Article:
The Unschooler’s Mathematics Skills Checklist

We are working on finishing up my son's 7th year of homeschooling and in those seven years one key fact about education has been cemented into my mind, "A child will not learn something until they are ready." Not only do they need to be developmentally ready, but emotionally as well and they need to have a vested interest in the topic at hand. 

Over the years, as I felt like we were failing in math and I was struggling to find ways to help master the basics of arithmetic I ran across two things that reminded me of the fact above. 

The first, "The Teaching of Arithmetic I, II, III: The Story of an Experiment," Journal of the National Education Association by L. P. Benezet. Here you find the results of a case study from the early 1900's, in which Benezet provided no formal mathematics education to children until they were in the 6th grade, or roughly 11 years old. The results are amazing and a glaring reminder that children soak up information in the early years through experience.

The second, from The Right Side of Normal, talks about the how left-brained and right-brained children learn math differently. 

In the early years, the right-brained learner needs to explore global concepts that can be visualized, such as negative/positive numbers, variables, math patterns, equality, and so forth (mathematics) so he can build the understanding necessary to be ready to learn algebra later. At that time, right-brained learners use their foundation with math concepts to begin understanding the reason to learn math facts, such as addition/subtraction, multiplication/division, and so forth (arithmetic).
— The Right Side of Normal

Having two very right-brained children and one that I suspect is left-brained, I'm constantly reminding myself to focus on their strengths at the stage they are currently in. To let them take their creative passions and turn them into learning experiences.

Between the study and reminding myself that learning styles goes beyond auditory etc...I have let go my math expectations and began to see my children flourish. 

Our home library contains a variety of living math books, math project books, games and manipulatives. The only child that ask to work on math is Matt, who is now 12. He has access to the all of the above as well as A+TutorSoft, KhanAcademy and Time4Learning. I require at least 30 minutes a school day from him, but I still allow him to work on a topic of his choosing. He is quickly catching up in math now that it is on his own terms and he is ready, on all levels, to learn it.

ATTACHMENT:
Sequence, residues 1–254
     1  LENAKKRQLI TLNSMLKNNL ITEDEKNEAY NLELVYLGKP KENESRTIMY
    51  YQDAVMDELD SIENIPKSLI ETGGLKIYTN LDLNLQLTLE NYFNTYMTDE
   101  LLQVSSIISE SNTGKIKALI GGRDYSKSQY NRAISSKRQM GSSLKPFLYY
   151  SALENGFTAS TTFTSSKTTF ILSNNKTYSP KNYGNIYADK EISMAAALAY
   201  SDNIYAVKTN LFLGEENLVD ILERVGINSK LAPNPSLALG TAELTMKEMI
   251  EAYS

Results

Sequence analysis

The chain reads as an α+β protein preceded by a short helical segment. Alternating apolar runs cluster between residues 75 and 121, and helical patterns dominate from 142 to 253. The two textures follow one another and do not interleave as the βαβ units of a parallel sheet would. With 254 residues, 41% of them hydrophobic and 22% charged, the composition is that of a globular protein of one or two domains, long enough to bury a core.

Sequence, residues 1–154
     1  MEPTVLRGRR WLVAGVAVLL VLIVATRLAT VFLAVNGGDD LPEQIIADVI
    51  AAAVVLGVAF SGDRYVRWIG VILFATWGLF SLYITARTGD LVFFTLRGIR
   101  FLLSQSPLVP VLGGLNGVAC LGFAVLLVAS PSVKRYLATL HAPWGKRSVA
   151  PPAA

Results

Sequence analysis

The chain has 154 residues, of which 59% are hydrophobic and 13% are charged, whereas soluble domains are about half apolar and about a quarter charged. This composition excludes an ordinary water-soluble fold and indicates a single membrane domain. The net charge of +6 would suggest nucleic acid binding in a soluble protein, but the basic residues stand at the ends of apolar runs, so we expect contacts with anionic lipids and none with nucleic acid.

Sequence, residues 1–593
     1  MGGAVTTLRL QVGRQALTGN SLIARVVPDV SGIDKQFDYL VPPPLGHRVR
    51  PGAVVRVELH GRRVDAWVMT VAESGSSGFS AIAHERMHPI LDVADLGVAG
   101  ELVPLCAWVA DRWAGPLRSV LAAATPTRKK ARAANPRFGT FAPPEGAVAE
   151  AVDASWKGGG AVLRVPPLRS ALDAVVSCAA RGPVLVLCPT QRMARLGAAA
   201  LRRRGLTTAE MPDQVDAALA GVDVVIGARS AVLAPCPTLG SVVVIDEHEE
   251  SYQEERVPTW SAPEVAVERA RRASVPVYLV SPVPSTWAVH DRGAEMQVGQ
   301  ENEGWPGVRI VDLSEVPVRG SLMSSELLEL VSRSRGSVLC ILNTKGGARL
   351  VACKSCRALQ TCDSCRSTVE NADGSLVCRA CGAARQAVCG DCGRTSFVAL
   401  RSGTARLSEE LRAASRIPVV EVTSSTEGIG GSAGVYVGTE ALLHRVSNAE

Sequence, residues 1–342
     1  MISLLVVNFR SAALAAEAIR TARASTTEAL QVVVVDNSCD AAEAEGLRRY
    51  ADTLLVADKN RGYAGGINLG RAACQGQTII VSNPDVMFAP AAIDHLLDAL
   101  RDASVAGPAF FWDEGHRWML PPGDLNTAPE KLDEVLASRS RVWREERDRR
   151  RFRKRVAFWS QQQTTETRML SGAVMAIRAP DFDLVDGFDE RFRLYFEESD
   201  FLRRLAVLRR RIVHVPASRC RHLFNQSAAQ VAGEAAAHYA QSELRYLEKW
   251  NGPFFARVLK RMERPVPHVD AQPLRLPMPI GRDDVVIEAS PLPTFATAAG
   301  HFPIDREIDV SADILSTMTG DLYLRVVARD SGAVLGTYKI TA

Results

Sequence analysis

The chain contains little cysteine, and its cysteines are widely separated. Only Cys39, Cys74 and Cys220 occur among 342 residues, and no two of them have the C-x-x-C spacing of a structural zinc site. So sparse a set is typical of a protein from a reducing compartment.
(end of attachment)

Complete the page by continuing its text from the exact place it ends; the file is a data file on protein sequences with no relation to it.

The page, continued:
For Small Hands

If you are worried that no formal math is scary path and the thought of unschooling scares you, consider this. Ema, my 4th grader has access to the same home library above as well as Time4Learning and KhanAcademy. I do not ask her to do any math, but she does often on her own. She recently took the SAT 10 so that we could report the scores to our district as "evidence of progress" to our school district and tested at a 5th stanine level and one grade level above. Matthew (remember he has poor working memory) tested just one grade level below where he is. Honestly, there was a time that I wondered if we would ever get past a 2nd grade math level with him, so seeing him test at the 5th grade level, couldn't make me happier.

On to the checklist. While I don't push certain math skills on the kids, I still like to monitor what they know and keep track of their progress. I can help fill in the gaps by adding new books to our library or introducing a topic through a fun video or math art project, to pique their interest. I keep the list in my long time notebook of records I keep for all the kids and update it about twice a year, marking off the new skills they have mastered.

That is why I made The Unschooler's Mathematics Skills Checklist. It is divided into the following sections

  • Primary: Grades 1 - 2: Ages 5 to 9 - contains math skills typically taught in kindergarten and the first grade.
  • Lower Grammar: Grades 3 - 5: Ages 7 to 12 - contains math skills typically taught in the second and third grades.
  • Upper Grammar:
    • Grades 6: Ages 10 to 13 - contains skills typically taught in the third and fourth grades.
    • Grade 7: Ages 11 to 14 - contains skills typically taught in the fifth and sixth grades.
    • Grade 8: Ages 12 to 15 - contains skills typically taught in the sixth and seventh grades.

The list is designed to provide average expectations per age level that can accommodate multiple learning types, foster a delayed mathematics environment and provide you with the comprehensive list of math skills that your child will need before beginning Algebra.

                                                                                                                                             Download the checklist

                                                                                                                                            Download the checklist